Despite the inconsistencies and fantastic character of his allegations, Gunaratna’s musings, which dovetailed neatly with the government’s agenda, continued to be reported uncritically.

Inside Al Qaeda

Gunaratna’s unstinting support for the US, British and Australian governments’ foreign policy objectives was well rewarded. His contacts in US intelligence and counter-terrorist circles grew and his writings were published in several foreign policy and international security journals. But the biggest coup took place in June 2002: the publication of his book Inside Al Qaeda: Global Network of Terror, by Columbia University Press. Promoted heavily in the media, it went on to become a best seller around the world.

Inside Al Qaeda received universal media acclaim. “A remarkable new study,” enthused the Times (London), “Excellent,” declared Peter Bergen from the Washington Post, while Thomas Powers, in the New York Review of Books, called it “a careful and methodical account” that “does the work of many tomes”.

But it was not long before several of the book’s claims were vigorously challenged. The Malaysian government attacked the book’s assertions of links between the ruling Barisan Nasional party and the Moro Islamic Liberation Front (MILF) of the Philippines, and through the MILF to Al Qaeda—and threatened legal action. Interviewed on Singapore television about the controversy, Gunaratna backtracked, changing his allegation to a link “between MILF operatives and a few individuals in the Barisan parties” [emphasis added].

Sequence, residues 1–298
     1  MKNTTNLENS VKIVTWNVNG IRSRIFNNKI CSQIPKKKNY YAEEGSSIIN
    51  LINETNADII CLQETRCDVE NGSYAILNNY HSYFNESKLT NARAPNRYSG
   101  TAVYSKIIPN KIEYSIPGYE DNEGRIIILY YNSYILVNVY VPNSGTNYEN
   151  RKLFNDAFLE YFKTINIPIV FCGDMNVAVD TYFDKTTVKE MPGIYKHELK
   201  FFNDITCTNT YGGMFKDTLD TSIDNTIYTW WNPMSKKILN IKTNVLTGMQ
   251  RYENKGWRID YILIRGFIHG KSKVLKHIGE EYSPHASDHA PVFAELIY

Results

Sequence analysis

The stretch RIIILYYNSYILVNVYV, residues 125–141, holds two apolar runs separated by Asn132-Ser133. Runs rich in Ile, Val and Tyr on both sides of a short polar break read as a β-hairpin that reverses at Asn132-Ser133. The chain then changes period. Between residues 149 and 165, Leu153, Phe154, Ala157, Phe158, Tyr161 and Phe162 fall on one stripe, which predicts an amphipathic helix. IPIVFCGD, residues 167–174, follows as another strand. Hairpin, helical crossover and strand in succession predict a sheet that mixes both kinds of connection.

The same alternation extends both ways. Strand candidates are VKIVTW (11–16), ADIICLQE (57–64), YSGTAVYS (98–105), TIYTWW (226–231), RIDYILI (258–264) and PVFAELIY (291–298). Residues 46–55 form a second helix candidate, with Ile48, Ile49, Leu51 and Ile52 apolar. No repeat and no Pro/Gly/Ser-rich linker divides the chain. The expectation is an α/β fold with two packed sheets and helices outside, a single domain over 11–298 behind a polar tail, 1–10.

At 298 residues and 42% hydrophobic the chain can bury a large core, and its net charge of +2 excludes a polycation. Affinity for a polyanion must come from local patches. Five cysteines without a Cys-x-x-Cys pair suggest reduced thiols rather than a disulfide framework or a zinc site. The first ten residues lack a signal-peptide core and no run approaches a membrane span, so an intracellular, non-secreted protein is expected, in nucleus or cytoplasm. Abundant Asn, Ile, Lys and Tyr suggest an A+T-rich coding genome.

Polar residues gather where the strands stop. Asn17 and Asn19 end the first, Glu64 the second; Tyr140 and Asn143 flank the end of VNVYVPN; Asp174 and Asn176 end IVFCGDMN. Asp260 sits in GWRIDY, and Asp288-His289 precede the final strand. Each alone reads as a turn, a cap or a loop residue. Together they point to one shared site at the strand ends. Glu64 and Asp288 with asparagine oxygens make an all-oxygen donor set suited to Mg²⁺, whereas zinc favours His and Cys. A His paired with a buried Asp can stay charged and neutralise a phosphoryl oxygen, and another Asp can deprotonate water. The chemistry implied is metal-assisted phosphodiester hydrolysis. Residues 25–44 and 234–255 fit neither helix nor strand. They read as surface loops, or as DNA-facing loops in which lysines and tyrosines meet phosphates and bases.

In one of the book’s more sensational accounts, Gunaratna described in detail an Al Qaeda plot to hijack a British Airways plane on September 11, 2001, and crash it into the houses of parliament. Only the grounding of all aircraft after the bombing of the World Trade Centre supposedly prevented the London attack.

The source was an alleged Al Qaeda member, Mohammed Afroz, who had been arrested in Bombay, India in October 2001. Afroz had also allegedly claimed he had planned to fly a plane into Melbourne’s Rialto Towers. After his release by an Indian court in April 2002, New Delhi police declared the claims to be a fabrication by the Bombay police force. An investigation by the Australian Security Intelligence Organisation into the alleged Melbourne plan assessed it “to be lacking in credibility.”